Can You Hand A Scorecard In If Playing On Your Own?

Using General Play, are you allowed to go out for a solo knock and return a score that will count towards your handicap?

can you hand a scorecard in if playing on your own
Playing solo
(Image credit: Tom Miles)

Playing golf on your own can be a therapeutic experience. It’s a chance to be alone with your thoughts, to saunter round the course with no pressure. It’s a golfing indulgence in which you can simply enjoy the fresh air and take a chance to smell the flowers as you go – a good walk, not spoiled.

It also offers a great opportunity for you to work on your game without irritating playing partners or embarrassing yourself in front of them. You can try that whacky chipping technique you dreamt of, or experiment with the “claw” putting grip to your heart’s content. And you can play free of scorecard pressure because – you can’t hand a scorecard in if playing on your own to count for your handicap. You must be playing with at least one other person to do that.

playing on your own

You can't submit a score for handicap playing on your own

(Image credit: Kenny Smith)

Under the World Handicap System (WHS) you can submit General Play scores to count towards your Handicap Index at any time over a measured course. But in order to submit a General Play score, you must:

 -       Register for your General Play score before you begin your round – This can either be done on the club’s own computer software, via one of the Golfing Union’s apps or simply by telling the Pro or Club Manager of your intention to submit a score.

 -       Follow The Rules of Golf and hole out every putt

 -       Play on a course with a current Course Rating and Slope Rating

 -       Ensure the round is in accordance with the Rules of Handicapping.

 -       Play with at least one other person

The last of these points is the important one here. You must have someone who is able to verify your score for it to count for General Play and handicap. Using most software, they will be required to sign on screen after the round is finished. They may also have to provide a phone number. If marking a card the old fashioned way, they will have to sign as marker.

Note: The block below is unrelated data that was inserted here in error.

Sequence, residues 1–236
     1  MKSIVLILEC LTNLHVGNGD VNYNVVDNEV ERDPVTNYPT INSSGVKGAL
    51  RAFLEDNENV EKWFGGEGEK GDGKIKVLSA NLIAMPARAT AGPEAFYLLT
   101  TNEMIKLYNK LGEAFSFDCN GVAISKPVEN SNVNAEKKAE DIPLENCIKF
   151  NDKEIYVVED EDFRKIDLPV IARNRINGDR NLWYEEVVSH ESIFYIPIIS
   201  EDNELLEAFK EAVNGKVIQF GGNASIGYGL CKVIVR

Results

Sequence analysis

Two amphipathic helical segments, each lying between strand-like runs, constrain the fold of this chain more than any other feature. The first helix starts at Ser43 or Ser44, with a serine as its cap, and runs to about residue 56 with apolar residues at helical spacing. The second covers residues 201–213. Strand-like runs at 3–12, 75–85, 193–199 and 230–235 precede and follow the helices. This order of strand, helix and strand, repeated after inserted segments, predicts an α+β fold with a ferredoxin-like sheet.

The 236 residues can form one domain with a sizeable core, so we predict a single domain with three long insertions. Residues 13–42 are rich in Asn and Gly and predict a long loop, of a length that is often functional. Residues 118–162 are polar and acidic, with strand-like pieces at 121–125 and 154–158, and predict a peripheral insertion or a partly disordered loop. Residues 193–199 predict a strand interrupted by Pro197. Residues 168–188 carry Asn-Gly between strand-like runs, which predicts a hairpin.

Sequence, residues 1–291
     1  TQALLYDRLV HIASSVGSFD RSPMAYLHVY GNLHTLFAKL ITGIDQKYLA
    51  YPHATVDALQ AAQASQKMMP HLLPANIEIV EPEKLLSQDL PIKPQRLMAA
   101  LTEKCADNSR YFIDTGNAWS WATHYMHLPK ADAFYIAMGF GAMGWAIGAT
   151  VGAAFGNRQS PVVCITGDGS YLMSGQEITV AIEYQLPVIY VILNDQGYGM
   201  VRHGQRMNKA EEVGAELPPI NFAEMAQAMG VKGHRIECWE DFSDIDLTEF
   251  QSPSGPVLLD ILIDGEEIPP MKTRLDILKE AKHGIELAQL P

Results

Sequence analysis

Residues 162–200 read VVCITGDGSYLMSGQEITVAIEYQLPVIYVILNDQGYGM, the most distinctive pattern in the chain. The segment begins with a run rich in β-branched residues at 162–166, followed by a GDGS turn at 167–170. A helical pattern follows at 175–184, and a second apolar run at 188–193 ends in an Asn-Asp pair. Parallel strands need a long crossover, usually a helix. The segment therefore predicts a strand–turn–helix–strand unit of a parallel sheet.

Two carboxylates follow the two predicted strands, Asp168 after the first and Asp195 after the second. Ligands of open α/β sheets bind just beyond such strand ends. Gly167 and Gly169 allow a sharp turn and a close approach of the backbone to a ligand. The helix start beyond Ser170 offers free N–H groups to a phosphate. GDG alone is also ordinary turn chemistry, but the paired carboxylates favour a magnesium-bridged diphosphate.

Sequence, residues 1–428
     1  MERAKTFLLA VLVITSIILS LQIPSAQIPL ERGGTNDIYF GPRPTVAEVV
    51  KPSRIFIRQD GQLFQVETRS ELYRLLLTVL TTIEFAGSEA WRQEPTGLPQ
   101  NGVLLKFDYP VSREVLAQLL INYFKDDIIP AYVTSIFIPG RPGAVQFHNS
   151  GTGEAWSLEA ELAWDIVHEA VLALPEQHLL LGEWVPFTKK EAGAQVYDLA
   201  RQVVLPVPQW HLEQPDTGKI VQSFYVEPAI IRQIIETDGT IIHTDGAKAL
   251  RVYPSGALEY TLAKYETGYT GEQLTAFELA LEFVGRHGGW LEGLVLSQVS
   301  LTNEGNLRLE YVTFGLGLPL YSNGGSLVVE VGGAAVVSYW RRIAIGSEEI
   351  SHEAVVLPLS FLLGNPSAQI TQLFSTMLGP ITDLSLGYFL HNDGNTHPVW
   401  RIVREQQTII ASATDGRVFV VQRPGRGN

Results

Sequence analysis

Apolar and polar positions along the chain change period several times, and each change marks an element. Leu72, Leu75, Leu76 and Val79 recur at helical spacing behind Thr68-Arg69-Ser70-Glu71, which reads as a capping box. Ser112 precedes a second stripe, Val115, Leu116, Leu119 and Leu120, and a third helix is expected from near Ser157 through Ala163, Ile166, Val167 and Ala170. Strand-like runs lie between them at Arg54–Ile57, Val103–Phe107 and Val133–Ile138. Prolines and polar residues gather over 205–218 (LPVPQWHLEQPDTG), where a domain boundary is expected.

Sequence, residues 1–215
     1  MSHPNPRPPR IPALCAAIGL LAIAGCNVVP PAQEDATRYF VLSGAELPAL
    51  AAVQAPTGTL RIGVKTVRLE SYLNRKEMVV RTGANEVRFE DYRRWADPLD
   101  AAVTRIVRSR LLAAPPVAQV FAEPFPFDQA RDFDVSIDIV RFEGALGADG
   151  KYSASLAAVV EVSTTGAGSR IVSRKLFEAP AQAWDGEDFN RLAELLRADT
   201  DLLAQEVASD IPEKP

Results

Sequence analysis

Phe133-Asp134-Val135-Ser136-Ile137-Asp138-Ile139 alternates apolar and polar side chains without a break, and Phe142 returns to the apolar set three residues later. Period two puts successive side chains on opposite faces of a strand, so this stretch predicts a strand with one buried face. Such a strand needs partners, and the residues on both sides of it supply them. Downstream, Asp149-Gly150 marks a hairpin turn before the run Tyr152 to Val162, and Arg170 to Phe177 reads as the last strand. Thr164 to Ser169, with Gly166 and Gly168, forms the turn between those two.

Nobody is doubting your integrity here but, perhaps not everybody is as honest with themselves as you are. It’s important to have checks and balances in place to ensure that the General Play element of the WHS works efficiently and is not abused to manipulate handicaps, either up or down.

So, can you hand a scorecard in if playing on your own? Technically, the answer is yes – You could hand it in to your club secretary for them to look at and perhaps give you a pat on the back – But they won’t be able to submit it for handicap purposes. You, obviously, can’t play in a competition on your own. And you can’t submit a General Play score for WHS unless you are playing with at least one other person.


Fergus Bisset
Contributing Editor

Fergus is Golf Monthly's resident expert on the history of the game and has written extensively on that subject. He is a golf obsessive and 1-handicapper. Growing up in the North East of Scotland, golf runs through his veins and his passion for the sport was bolstered during his time at St Andrews university studying history. He went on to earn a post graduate diploma from the London School of Journalism. Fergus has worked for Golf Monthly since 2004 and has written two books on the game; "Great Golf Debates" together with Jezz Ellwood of Golf Monthly and the history section of "The Ultimate Golf Book" together with Neil Tappin , also of Golf Monthly. 

Fergus once shanked a ball from just over Granny Clark's Wynd on the 18th of the Old Course that struck the St Andrews Golf Club and rebounded into the Valley of Sin, from where he saved par. Who says there's no golfing god?